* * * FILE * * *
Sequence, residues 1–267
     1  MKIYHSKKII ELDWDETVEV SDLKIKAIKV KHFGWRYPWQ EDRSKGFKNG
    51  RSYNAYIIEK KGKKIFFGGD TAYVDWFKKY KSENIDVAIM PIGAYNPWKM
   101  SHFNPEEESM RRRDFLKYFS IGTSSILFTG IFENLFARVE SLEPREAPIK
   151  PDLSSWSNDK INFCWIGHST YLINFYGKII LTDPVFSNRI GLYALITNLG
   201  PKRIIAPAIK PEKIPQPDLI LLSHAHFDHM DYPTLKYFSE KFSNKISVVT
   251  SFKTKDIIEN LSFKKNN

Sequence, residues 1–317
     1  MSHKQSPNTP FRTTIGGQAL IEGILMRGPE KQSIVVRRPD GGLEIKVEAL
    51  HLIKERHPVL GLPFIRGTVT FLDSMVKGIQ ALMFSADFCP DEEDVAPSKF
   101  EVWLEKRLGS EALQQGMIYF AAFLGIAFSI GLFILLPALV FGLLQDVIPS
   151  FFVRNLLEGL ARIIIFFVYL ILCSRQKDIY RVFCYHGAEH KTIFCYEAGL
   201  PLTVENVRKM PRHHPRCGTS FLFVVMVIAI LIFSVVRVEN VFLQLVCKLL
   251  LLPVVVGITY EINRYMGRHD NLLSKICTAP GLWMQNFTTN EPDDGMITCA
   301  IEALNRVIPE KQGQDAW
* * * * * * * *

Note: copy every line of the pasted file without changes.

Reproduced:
Sequence, residues 1–267
     1  MKIYHSKKII ELDWDETVEV SDLKIKAIKV KHFGWRYPWQ EDRSKGFKNG
    51  RSYNAYIIEK KGKKIFFGGD TAYVDWFKKY KSENIDVAIM PIGAYNPWKM
   101  SHFNPEEESM RRRDFLKYFS IGTSSILFTG IFENLFARVE SLEPREAPIK
   151  PDLSSWSNDK INFCWIGHST YLINFYGKII LTDPVFSNRI GLYALITNLG
   201  PKRIIAPAIK PEKIPQPDLI LLSHAHFDHM DYPTLKYFSE KFSNKISVVT
   251  SFKTKDIIEN LSFKKNN

Sequence, residues 1–317
     1  MSHKQSPNTP FRTTIGGQAL IEGILMRGPE KQSIVVRRPD GGLEIKVEAL
    51  HLIKERHPVL GLPFIRGTVT FLDSMVKGIQ ALMFSADFCP DEEDVAPSKF
   101  EVWLEKRLGS EALQQGMIYF AAFLGIAFSI GLFILLPALV FGLLQDVIPS
   151  FFVRNLLEGL ARIIIFFVYL ILCSRQKDIY RVFCYHGAEH KTIFCYEAGL
   201  PLTVENVRKM PRHHPRCGTS FLFVVMVIAI LIFSVVRVEN VFLQLVCKLL
   251  LLPVVVGITY EINRYMGRHD NLLSKICTAP GLWMQNFTTN EPDDGMITCA
   301  IEALNRVIPE KQGQDAW